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Turmeric: The Golden Spice

In the tropical forest regions of southern Asia, India is hoarding a gold mine of their own. However, this type of gold doesn’t come with fleeting promises of everlasting wealth, but interminable health. Turmeric, also known as the golden spice, is a root similar to ginger that has recently attracted attention for its natural healing properties. But it has roots (pun intended) that date back nearly 4,500 years.

According to Ayurvedic and Sanskrit medical treatises, turmeric has a long history of medicinal use in South Asia. The Vedic culture in India claimed first dibs on turmeric, where it was discovered and used primarily as a culinary spice. It is estimated to have reached China by 700 AD, East Africa by 800 AD, West Africa by 1200 AD, and sailed to Jamaica by the eighteenth century.

Ayurvedic literature contains hundreds of terms to describe turmeric, including jayanti, meaning “one who is victorious over diseases”. In Ayurvedic medicine, inhaling burning turmeric fumes was said to relieve congestion, turmeric juice healed bruising and wounds, and turmeric paste was slathered over any skin condition from pimples to smallpox. In Indian culture, the significance of turmeric goes far beyond medicine, carrying religious implication as well. The Hindu religion deems turmeric as sacred and wearing a piece of turmeric rhizome (a fancy word for root) is thought to protect against evil spirits. The vibrant yellow emanating from turmeric has also been used as natural coloring to dye clothing and threads for centuries.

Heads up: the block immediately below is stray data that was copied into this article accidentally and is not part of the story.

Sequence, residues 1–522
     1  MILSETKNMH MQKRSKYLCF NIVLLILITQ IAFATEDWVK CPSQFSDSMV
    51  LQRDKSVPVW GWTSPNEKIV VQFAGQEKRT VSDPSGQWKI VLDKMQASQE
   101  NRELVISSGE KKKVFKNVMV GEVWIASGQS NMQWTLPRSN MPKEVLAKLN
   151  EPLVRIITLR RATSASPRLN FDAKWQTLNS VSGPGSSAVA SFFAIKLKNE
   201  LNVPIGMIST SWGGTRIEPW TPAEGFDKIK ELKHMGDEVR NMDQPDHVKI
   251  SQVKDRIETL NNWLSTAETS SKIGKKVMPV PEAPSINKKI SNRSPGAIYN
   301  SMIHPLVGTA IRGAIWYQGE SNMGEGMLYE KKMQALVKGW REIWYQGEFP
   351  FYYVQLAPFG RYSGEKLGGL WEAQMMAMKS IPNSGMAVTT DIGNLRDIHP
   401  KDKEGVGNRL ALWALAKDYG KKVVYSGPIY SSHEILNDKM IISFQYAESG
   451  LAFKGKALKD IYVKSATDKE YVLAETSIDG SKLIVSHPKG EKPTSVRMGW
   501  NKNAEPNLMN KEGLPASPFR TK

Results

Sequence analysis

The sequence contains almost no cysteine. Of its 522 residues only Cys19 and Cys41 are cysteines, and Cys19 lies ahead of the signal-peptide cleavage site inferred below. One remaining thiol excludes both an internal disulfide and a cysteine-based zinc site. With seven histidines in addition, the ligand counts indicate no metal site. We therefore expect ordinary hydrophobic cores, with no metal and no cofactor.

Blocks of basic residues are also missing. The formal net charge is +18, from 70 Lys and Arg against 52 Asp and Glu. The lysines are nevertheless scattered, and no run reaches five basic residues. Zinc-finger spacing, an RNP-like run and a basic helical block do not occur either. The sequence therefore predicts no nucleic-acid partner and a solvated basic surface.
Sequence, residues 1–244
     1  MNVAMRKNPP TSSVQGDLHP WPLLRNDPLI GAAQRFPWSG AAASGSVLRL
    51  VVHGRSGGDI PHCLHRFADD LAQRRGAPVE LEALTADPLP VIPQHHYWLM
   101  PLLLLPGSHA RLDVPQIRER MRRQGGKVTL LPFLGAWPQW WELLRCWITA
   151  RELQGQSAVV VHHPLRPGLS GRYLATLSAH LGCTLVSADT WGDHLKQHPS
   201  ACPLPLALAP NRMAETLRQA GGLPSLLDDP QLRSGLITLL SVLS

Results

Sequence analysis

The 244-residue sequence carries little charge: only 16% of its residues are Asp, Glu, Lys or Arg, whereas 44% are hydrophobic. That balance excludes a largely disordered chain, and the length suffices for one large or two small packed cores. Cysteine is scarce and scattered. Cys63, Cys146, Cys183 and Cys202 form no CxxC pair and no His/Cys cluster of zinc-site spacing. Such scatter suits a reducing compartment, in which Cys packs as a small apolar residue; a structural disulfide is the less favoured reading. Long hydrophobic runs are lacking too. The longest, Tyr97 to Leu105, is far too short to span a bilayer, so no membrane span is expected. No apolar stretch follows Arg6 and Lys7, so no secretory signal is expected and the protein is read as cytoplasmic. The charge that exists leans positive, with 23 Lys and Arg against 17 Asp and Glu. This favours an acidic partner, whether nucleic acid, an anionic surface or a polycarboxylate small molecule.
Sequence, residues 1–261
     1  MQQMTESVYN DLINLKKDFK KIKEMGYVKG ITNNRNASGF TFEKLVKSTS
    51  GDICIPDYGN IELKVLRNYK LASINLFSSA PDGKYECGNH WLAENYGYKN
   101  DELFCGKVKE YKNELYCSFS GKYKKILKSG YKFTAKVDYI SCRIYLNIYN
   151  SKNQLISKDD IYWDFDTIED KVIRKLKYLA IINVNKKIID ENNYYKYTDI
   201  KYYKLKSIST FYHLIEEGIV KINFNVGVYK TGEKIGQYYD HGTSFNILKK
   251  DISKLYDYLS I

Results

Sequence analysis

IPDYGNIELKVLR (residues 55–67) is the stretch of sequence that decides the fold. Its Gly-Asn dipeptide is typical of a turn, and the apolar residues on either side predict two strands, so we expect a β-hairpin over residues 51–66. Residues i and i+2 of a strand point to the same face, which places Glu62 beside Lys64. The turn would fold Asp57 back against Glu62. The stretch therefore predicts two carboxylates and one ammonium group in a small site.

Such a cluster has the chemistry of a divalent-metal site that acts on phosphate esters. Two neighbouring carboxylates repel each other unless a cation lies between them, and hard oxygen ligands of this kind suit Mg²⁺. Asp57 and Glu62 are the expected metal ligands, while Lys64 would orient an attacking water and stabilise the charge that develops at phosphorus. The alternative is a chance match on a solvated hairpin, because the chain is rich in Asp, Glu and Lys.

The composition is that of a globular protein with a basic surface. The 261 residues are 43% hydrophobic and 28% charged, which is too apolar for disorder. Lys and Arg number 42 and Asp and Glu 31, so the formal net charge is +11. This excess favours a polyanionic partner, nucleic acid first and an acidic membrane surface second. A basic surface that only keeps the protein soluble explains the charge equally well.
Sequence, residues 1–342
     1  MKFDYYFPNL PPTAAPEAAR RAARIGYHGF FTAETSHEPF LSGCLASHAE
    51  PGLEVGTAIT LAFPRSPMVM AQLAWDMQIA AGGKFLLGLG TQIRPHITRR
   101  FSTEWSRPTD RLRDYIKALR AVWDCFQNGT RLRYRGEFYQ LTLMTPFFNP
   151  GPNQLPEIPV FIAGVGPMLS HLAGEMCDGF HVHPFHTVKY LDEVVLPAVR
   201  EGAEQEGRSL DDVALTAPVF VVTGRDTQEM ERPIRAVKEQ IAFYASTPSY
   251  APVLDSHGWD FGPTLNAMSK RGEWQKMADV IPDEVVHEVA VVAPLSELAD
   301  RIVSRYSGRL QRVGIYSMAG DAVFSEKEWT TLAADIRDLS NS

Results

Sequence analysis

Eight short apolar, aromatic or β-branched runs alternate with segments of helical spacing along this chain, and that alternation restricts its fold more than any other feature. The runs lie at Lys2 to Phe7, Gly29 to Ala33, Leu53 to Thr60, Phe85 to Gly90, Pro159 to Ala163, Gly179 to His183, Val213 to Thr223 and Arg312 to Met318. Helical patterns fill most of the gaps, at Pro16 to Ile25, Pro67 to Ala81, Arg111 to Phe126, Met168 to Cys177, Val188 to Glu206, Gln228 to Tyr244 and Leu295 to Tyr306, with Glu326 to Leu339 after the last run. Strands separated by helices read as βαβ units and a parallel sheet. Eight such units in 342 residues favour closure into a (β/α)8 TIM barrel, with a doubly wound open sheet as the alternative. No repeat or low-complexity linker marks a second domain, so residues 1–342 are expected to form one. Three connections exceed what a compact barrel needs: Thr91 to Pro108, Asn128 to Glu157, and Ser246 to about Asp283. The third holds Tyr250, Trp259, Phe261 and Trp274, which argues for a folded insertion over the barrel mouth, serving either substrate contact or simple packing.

Turmeric has been slowly making its debut as a fad food in America, but instead of rivaling kale, turmeric is chasing down ibuprofen for the go-to anti-inflammatory. Recipe avant-gardists are thinking outside the curry packet and concocting new ways to get a daily dose of turmeric. Curry dishes are traditional to the spice, but adaptations of such traditional recipes are flooding Pintrest and food blogs, all while boasting its magical healing powers. Golden milk can be found bearing the torch, followed by turmeric smoothies, quinoa and chicken dishes, and candies. It seems this cure-all spice can be a simple addition to almost any recipe!

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